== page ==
By Adam Anderson
From coffee makers designed to brew your morning cuppa before you get out of bed to cars that park themselves, it seems like technology is capable of something new and wonderful every day. And while many of these time savers are just that—invaluable resources that restore precious minutes back to our calendars—that does not mean that unmanned operations are the solution to all things online.
Take, for example, your international capabilities to reach new customers. International markets are a great source of incremental bookings, so make sure your hotel has a plan in place to reach what could be some of your hotel’s most important new customers. While some might think that a U.S. site merely needs a Google translation to be good to go, this most certainly is not the case. Don’t worry, with the right OTA partnership, you can position your hotel well to these prospective visitors with minimal effort. Here are a few things to consider when considering your OTA partnership as a means to drive international bookings.
1. Talk the talk
Some businesses argue that since English is spoken in virtually every country, why go through the effort of translating at all? It’s about confidence and convenience. The customer wants to know that they are booking exactly what they want, that they understand the terms and conditions, that they are comfortable with how the site works, and also that they are dealing with a company that values their customs and culture and, therefore, their business. It’s easy to see that this will be a more effective approach than a generic, all-purpose English site.
Taking this a step further, the quality of the translation matters, too. Too often, translations are either shoddy or read nothing like how a local would speak. More often they come across as if a far-from-perfect translation program were used instead. Also, different dialects of a language are spoken in different countries. For example, Argentina, Spain and Mexico all have different dialects of Spanish; it is important to use the right version for your site in those countries.
Companies like Expedia, have invested heavily in a multilingual staff and technology to assist them. Having experts on the ground in a given country provides invaluable insight into correct linguistic tone, style and commonly-used idioms. For example, Expedia has the capabilities to translate content into as many as 38 languages, which is a huge plus considering we market 240,000-plus hotels in more than 70 countries worldwide.
2. Keep the currency
It should go without saying that the easier the shopping process, the higher the conversion rate. It’s easier for a guest in Taiwan to plan a trip to your hotel in California if they can easily understand your nightly rate. Transacting in the local currency takes the guesswork out of the booking process for guests who are unfamiliar with the U.S. dollar or don’t want to calculate exchange rates.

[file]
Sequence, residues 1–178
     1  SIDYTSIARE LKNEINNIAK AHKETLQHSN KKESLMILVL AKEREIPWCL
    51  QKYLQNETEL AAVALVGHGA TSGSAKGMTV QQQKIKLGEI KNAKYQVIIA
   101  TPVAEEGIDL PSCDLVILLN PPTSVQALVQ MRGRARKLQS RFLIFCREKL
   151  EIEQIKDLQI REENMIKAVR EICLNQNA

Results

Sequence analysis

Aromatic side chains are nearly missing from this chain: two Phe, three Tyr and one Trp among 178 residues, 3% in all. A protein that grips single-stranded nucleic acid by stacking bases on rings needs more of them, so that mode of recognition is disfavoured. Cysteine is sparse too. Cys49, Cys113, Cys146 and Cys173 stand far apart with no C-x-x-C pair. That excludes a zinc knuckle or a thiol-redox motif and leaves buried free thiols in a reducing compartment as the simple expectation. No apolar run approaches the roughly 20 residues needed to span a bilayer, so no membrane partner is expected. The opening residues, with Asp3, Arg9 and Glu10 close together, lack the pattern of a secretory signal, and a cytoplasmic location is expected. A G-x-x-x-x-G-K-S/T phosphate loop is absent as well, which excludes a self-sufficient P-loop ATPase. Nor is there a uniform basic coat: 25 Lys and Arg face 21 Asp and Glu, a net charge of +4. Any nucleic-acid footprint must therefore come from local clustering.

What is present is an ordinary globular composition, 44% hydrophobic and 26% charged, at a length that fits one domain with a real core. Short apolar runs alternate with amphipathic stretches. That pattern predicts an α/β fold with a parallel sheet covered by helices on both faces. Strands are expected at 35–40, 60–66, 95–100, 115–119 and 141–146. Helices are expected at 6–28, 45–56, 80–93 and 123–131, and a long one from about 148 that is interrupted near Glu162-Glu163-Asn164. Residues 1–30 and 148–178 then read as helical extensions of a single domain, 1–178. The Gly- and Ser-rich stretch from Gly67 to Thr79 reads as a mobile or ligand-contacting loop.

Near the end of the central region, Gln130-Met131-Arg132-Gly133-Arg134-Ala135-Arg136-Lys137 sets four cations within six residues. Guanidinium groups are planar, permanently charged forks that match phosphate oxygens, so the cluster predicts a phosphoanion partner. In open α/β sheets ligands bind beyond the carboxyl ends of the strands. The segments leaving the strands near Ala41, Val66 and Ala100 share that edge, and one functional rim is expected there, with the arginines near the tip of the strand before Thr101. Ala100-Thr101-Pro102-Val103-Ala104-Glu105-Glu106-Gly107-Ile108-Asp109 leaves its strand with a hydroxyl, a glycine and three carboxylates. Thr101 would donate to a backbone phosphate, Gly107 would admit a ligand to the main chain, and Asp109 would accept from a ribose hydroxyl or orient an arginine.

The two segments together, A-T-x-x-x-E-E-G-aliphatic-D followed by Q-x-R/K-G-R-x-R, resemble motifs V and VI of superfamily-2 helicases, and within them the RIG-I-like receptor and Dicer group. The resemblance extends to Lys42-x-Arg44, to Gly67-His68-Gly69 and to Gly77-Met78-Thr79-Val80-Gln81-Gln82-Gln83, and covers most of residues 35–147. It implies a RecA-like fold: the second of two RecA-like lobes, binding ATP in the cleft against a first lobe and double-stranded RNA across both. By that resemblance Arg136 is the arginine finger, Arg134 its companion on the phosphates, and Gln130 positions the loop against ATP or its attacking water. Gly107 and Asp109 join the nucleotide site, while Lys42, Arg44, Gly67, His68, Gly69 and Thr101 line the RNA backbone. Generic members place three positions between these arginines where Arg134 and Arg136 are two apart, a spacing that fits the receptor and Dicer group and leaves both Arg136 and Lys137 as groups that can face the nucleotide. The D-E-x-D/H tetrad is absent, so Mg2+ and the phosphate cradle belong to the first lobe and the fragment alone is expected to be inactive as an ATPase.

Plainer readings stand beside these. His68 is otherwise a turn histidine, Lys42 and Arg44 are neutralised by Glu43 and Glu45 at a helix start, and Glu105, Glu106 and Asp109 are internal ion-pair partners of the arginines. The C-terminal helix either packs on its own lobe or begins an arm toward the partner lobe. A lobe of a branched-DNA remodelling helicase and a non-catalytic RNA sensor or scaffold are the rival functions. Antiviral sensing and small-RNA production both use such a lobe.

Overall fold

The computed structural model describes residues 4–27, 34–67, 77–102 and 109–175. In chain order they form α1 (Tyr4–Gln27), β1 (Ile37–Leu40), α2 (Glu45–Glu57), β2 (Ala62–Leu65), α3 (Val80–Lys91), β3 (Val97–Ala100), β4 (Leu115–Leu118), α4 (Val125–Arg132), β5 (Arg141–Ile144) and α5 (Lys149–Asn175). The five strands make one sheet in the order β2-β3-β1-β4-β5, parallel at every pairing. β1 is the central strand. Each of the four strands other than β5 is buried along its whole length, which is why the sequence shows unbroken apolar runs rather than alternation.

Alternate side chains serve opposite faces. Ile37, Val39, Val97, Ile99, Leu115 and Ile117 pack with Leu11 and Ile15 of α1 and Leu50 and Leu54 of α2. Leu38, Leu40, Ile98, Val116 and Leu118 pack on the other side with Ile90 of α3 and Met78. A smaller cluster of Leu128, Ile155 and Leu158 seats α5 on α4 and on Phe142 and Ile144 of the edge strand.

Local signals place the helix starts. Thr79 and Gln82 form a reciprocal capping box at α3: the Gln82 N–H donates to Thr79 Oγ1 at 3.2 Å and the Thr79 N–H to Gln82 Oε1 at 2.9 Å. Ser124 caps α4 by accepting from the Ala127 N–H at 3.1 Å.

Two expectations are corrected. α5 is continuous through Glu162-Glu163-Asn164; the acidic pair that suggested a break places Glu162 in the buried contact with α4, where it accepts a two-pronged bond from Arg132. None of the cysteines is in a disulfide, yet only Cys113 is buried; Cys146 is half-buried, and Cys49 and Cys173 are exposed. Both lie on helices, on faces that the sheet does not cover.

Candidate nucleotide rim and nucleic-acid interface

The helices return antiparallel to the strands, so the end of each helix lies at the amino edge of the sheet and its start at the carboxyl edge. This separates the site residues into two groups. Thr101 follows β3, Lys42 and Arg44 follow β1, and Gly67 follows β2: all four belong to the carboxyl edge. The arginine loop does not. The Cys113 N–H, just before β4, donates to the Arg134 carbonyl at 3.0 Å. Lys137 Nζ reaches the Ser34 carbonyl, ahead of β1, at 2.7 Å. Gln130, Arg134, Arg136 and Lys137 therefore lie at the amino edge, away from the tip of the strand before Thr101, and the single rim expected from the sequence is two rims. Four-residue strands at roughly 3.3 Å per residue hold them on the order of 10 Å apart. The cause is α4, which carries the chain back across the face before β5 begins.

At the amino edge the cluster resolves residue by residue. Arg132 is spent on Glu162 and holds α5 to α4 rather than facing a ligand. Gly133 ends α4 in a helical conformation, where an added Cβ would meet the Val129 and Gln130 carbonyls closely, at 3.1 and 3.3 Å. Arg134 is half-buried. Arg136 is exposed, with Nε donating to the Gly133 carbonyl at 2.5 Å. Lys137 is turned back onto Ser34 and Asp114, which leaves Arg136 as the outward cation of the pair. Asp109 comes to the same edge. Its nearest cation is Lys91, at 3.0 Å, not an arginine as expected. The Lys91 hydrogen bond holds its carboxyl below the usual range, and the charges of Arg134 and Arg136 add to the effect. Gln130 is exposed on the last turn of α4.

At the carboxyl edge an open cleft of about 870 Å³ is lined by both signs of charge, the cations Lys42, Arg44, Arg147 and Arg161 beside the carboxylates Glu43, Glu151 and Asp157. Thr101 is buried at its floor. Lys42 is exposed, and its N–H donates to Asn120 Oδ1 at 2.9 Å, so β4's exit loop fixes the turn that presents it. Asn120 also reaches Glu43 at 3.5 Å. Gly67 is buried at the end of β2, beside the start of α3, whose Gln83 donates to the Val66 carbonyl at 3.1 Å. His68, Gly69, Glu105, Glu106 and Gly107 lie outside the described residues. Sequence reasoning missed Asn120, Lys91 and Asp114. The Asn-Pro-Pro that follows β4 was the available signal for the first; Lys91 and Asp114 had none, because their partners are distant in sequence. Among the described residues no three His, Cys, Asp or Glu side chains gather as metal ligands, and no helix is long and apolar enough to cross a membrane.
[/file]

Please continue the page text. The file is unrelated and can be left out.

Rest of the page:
3. Make it culturally correct
If there’s one, overriding theme here, it’s to make sure your OTA understands your target customer. This will impact design, user interface, and payment options that resonate with native shoppers. For example, the Japanese language is difficult to type on a computer. Therefore, instead of having a search field to type in the desired destination, we’ve created drop down menus and buttons for top searched destinations. This improves both time to search and conversion.
Also, different cultures use different payment types, and your OTA needs to adapt to meet those cultural preferences. In the US, credit card payments are the norm, but in India, the locals prefer direct bank billing. And then in Brazil, installment plans are the common way to pay for even everyday purchases. If you want to attract these potential guests, your OTA needs to offer these options, as well.
4. Be Visible and Relevant.
Finally, you can do all these things, but if travelers don’t know about your business, how are they going to transact with you? You need to build a brand and employ effective marketing campaigns in these regions. Expedia spent more than $2B in marketing in 2013, and that money goes to search engine marketing, advertising, metasearch, public relations, social media and marketing partnerships to drive awareness and demand to the sites that showcase your property.
International travel is a tremendous opportunity for hoteliers. International travelers generally book farther out, cancel half as often and stay twice as long. The right strategic partner that has the expertise and resources to deliver this demand can make a real difference to your bottom line.
Adam Anderson is director of industry relations, Expedia. Prior to joining Expedia, he worked in marketing and PR for technology companies Microsoft and Dolby Laboratories.